Thread: Adventure: freshwater LED
02-03-2013, 11:15 PM #21
0Cermet, I am thinking about an algae scrubber...off to do some research. Let's see if you have turned me to the dark side!
Reef light + FW tank (-CO2) = Algae farm . . . Why would you be surprised?
An appropriate light would serve you better without the need of further equipment to fix the issues caused by improper lighting. I'll bet you will tire quickly of fighting the algae [Or you will get a scrubber to fix a problem you shouldn't have]
Save yourself now
Lack of planning on your part does not constitute an emergency on my part.
Why pretend there are no stupid questions? Actually, There are many stupid questions: "Should I drink this bleach?" Is just one example.
Having said that, Just because it's a stupid question doesn't mean that it shouldn't be asked. It's better to know.
A warm beer is better than a cold beer. Because nothing is better than a cold beer, and a warm beer is better than nothing.
02-04-2013, 12:24 AM #22
[QUOTE=bethyMT;1129883 balance everything is hard(without doing CO2). It's well into the world of high-tech when I have a low-tech brain and limited experience.[/QUOTE]
Thanks for that, i know it is a challenge to undertake, but an algae scrubber will work kinda like a smaller version of your own tank minus the fish.
you put a high light and a surface for the algae to grow on, so that it grows in the seperate area, rather than your tank.
it might be difficult to get/trick the algae to grow elsewhere when it already has optimal conditions in your main tank. ya know?
but do the research on the scrubber, and try and find that film to decrease the light.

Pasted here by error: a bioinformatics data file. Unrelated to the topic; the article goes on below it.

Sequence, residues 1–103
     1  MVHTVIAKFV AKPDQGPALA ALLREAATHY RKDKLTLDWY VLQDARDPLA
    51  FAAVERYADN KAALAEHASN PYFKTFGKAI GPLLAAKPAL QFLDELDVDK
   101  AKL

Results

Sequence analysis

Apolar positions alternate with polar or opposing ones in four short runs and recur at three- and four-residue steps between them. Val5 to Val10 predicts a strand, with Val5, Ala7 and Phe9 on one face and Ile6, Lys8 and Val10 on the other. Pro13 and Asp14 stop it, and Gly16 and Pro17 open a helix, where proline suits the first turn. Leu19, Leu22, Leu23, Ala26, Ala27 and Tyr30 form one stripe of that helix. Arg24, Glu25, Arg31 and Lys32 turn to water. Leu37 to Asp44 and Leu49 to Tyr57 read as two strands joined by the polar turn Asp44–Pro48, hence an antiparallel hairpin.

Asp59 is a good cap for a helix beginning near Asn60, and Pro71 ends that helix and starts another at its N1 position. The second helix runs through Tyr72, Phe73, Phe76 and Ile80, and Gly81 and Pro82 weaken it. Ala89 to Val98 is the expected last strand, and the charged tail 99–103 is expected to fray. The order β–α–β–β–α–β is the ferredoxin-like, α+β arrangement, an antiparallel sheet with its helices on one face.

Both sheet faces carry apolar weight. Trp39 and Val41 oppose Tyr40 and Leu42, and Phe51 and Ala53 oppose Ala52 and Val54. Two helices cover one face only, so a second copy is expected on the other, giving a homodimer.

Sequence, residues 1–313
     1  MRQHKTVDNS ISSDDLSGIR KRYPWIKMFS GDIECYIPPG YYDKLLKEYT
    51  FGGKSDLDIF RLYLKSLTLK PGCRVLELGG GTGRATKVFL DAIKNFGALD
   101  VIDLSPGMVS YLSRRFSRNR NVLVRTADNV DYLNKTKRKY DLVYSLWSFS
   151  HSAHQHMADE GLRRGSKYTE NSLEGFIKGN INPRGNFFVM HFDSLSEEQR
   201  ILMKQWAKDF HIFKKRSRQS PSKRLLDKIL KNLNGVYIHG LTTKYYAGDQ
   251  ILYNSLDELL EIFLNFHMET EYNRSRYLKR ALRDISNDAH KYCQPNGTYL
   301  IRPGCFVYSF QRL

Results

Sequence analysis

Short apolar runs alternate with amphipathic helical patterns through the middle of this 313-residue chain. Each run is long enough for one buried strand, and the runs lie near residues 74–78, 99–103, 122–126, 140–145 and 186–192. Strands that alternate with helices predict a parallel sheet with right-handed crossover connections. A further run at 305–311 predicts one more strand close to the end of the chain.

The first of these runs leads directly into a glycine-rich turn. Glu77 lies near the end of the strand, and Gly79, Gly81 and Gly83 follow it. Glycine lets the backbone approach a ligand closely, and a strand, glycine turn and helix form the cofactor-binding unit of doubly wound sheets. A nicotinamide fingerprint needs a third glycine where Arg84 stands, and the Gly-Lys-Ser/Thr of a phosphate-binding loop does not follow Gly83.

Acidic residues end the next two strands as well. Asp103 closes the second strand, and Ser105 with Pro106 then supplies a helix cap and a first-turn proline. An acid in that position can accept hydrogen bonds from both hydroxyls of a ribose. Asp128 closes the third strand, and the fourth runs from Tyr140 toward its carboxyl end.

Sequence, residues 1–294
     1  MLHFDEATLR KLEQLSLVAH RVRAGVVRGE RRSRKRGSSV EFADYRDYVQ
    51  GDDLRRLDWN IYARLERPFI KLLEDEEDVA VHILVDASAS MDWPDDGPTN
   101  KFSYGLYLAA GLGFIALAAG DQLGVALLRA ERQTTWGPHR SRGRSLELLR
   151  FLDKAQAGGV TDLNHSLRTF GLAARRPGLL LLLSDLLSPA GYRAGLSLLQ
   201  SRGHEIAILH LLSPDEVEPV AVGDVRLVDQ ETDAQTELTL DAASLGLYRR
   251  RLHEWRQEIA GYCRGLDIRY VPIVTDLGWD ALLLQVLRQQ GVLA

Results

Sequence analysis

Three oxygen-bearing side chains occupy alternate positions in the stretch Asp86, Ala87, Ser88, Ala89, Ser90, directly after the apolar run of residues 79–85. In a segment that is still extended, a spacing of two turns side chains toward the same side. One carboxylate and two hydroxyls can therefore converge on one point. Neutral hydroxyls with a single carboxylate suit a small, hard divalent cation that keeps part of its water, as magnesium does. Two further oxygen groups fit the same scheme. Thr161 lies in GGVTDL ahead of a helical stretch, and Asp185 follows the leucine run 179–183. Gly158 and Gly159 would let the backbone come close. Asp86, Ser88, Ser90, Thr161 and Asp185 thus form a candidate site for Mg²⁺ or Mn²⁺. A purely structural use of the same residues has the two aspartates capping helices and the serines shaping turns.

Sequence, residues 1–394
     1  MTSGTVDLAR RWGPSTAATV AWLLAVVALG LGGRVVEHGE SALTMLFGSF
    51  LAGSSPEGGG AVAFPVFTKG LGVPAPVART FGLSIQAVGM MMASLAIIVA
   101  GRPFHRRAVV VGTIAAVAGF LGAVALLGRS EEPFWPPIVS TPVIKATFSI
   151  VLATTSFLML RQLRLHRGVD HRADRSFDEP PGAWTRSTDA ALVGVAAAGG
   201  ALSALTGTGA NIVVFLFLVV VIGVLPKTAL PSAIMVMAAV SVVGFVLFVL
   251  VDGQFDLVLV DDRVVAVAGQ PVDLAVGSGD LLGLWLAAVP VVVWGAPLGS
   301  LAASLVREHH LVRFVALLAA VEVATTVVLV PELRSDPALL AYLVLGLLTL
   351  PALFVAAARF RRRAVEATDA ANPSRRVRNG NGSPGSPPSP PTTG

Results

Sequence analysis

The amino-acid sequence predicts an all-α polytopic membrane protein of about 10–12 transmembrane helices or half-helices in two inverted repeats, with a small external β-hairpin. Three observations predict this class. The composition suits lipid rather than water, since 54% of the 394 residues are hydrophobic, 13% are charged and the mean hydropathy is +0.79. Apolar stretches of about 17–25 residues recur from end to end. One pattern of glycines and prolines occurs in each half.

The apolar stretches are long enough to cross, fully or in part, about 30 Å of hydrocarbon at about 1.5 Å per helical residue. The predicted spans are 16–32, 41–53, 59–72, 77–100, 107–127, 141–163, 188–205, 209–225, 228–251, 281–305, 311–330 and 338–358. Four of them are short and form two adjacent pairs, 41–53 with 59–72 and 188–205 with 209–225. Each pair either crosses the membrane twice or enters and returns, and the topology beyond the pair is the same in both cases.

a combination of the film + raising the light will put you back in medium light and then you'll have the cheapest resolve.
02-04-2013, 11:50 AM #23
Something tells me your adventure would have gone perfectly had you been dosing CO2. I keep my nitrate around 20ppm and my phosphate around 1-2ppm (dosing dry ferts) and I've never had algae problems, but I'm using pressurized CO2. I'd imagine if I turned off my CO2 'd be having the same problem as you.
Are you dead set against using CO2? If so, as others have said, you'd have to do something to decrease the amount of light getting into the tank.
You should post pics of the progress since you added the new lights.
02-04-2013, 02:28 PM #24
There are many ways I could go with this. I'm giving the upped water changes+dosing of excel a chance to work first. It was doing marvellously before I slacked off, so I hope it works again. I also added quite a bit of salvinia for surface cover. So we'll see. But thank you all for your ideas...I will be keeping them in mind if this approach doesn't work. It's so great to have some help!
I am thinking of glass tops however. I have them on my other tanks and I really like them. This would also make raising the light a bit easier if it has to be raised.
I will not be giving up on this light just yet. This is merely my hobby, and I enjoy tinkering with my tanks. It's not incredibly frustrating to me...I kind of like the puzzle of making this light work. I don't claim to be any sort of expert, nor am I in pursuit of perfection. As much as I value others' opinions, if this fact is just going to make you roll your eyes, please don't read, or chime in, any further.
I'll update in a couple of weeks!Beth
1 - 55 gallon planted community
3 - 10 to 20 gallon planted betta tanks
My advice: slow down, think, and be willing to learn. Then you'll be fine, no matter what.